An arsonist broke into the University of Missouri’s Ellis Library, but Robert Long Foreman‘s dismayed for more than that reason.
“This notion of investigation offers an alternative to confession. Its goal isn’t sympathy or forgiveness. Life is not personal. Life is evidence. It’s fodder for argument. To put the “I” to work this way invites a different intimacy—not voyeuristic communion but collaborative inquiry, author and reader facing the same questions from inside their inevitably messy lives.” Year in Reading alum Leslie Jamison writes for The Atlantic about alternatives to the confessional mode in literature.
This morning, the longlist for the 2016 International Dublin Literary Award came out, and the nominees include some familiar names. Year in Reading alumnus Anthony Doerr’s All the Light We Cannot See (which won this year’s Pulitzer, whom you can learn more about in this essay by our own Michael Bourne) is on there, as is Year in Reading alumnus Michael Cunningham’s The Snow Queen, Year in Reading alumna Roxane Gay’s An Untamed State (reviewed here by Aboubacar Ndiaye), and A Brief History of Seven Killings by Marlon James (winner of this year’s Booker Prize).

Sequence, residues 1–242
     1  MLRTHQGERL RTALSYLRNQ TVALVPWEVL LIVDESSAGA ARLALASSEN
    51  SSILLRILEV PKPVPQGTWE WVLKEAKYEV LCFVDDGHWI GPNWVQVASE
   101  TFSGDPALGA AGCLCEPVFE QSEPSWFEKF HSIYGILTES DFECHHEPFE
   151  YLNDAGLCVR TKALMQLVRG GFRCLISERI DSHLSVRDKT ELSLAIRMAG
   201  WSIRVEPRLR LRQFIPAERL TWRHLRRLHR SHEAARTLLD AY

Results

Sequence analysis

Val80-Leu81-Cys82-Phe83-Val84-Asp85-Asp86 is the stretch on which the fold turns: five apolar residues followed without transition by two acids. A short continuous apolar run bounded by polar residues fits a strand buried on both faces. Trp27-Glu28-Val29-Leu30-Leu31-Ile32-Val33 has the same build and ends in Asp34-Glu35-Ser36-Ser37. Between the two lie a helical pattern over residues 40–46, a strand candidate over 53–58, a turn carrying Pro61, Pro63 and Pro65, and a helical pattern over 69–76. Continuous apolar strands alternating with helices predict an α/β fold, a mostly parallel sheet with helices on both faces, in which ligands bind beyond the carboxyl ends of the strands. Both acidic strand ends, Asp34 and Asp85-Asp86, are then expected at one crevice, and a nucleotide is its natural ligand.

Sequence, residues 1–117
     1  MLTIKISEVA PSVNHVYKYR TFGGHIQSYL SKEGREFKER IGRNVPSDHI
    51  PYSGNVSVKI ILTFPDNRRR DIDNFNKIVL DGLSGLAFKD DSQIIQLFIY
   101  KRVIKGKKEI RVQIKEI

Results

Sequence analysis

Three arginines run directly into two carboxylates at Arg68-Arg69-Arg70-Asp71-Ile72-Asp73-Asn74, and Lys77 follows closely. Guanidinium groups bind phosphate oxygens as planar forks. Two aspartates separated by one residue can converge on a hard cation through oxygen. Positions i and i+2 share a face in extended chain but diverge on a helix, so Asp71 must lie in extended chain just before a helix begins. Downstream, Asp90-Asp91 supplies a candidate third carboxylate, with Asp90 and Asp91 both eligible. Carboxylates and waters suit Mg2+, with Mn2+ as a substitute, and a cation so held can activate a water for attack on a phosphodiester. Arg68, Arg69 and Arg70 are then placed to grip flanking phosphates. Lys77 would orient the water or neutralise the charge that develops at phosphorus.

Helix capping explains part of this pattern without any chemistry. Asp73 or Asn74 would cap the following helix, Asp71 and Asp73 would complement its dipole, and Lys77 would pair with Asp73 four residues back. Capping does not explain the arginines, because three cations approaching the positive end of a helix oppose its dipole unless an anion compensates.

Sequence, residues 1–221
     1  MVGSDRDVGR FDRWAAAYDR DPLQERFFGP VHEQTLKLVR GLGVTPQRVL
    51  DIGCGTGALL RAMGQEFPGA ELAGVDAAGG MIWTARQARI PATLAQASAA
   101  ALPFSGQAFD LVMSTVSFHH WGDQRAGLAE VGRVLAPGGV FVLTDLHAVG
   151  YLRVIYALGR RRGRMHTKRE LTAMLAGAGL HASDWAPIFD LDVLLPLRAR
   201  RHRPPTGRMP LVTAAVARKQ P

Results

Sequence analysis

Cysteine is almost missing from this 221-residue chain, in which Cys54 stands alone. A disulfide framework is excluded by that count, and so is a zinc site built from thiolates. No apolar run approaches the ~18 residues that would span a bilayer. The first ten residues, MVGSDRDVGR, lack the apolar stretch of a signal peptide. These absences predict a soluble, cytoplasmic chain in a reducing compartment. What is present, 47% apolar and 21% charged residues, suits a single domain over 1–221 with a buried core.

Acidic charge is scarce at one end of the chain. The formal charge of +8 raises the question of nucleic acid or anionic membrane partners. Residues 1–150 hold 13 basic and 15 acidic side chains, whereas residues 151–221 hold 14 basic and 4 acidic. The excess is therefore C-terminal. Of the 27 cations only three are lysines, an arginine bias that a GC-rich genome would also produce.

Janet Reitman, a contributing editor to Rolling Stone, spent five years researching Inside Scientology, which is reviewed here by Brook Wilensky-Lanford for The San Francisco Chronicle. Earlier this year, ‘Million Dollar Baby‘-screenwriter Paul Haggis spoke with Lawrence Wright of The New Yorker about L. Ron Hubbard‘s religion.